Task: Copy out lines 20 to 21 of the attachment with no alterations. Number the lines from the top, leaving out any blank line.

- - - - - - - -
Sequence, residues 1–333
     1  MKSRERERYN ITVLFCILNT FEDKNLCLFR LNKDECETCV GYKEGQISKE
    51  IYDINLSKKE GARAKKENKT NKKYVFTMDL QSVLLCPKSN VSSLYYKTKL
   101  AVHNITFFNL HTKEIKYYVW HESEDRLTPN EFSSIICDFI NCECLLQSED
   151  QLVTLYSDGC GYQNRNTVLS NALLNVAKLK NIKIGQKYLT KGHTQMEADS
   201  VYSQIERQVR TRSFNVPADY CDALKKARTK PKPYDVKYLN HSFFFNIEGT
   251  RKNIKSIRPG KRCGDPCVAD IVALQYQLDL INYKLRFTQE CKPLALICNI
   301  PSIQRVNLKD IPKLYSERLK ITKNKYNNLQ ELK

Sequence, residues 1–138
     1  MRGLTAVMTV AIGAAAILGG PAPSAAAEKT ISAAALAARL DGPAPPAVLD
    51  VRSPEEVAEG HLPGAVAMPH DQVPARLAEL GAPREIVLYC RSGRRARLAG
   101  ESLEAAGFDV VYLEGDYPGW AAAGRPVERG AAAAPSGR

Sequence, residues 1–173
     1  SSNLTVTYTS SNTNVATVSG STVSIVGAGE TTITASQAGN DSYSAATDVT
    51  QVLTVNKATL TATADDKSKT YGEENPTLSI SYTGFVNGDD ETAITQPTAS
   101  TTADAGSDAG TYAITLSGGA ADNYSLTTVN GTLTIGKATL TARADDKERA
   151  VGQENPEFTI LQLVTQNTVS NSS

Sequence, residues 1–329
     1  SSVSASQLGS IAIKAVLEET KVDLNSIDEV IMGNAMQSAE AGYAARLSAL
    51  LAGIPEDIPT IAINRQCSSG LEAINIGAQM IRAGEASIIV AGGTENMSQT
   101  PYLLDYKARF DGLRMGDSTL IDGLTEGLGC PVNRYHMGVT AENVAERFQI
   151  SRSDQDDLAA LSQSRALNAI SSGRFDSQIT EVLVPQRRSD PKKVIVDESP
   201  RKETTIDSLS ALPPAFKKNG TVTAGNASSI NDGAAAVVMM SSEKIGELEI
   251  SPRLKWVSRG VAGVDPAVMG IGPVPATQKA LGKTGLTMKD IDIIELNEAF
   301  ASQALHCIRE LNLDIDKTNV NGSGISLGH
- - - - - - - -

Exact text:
    51  LAGIPEDIPT IAINRQCSSG LEAINIGAQM IRAGEASIIV AGGTENMSQT
   101  PYLLDYKARF DGLRMGDSTL IDGLTEGLGC PVNRYHMGVT AENVAERFQI